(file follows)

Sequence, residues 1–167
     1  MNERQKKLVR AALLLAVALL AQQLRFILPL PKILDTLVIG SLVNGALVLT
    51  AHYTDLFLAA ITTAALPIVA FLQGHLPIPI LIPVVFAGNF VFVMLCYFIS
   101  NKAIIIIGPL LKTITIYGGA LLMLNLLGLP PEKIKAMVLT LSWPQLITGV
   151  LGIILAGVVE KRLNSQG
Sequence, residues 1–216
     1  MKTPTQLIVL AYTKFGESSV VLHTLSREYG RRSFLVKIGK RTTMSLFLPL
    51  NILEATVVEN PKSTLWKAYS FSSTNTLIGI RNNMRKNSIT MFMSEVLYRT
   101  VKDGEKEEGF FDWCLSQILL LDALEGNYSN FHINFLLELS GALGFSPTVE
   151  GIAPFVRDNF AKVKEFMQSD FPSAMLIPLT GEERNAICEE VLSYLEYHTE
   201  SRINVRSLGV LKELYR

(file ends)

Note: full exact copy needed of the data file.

Sequence, residues 1–167
     1  MNERQKKLVR AALLLAVALL AQQLRFILPL PKILDTLVIG SLVNGALVLT
    51  AHYTDLFLAA ITTAALPIVA FLQGHLPIPI LIPVVFAGNF VFVMLCYFIS
   101  NKAIIIIGPL LKTITIYGGA LLMLNLLGLP PEKIKAMVLT LSWPQLITGV
   151  LGIILAGVVE KRLNSQG
Sequence, residues 1–216
     1  MKTPTQLIVL AYTKFGESSV VLHTLSREYG RRSFLVKIGK RTTMSLFLPL
    51  NILEATVVEN PKSTLWKAYS FSSTNTLIGI RNNMRKNSIT MFMSEVLYRT
   101  VKDGEKEEGF FDWCLSQILL LDALEGNYSN FHINFLLELS GALGFSPTVE
   151  GIAPFVRDNF AKVKEFMQSD FPSAMLIPLT GEERNAICEE VLSYLEYHTE
   201  SRINVRSLGV LKELYR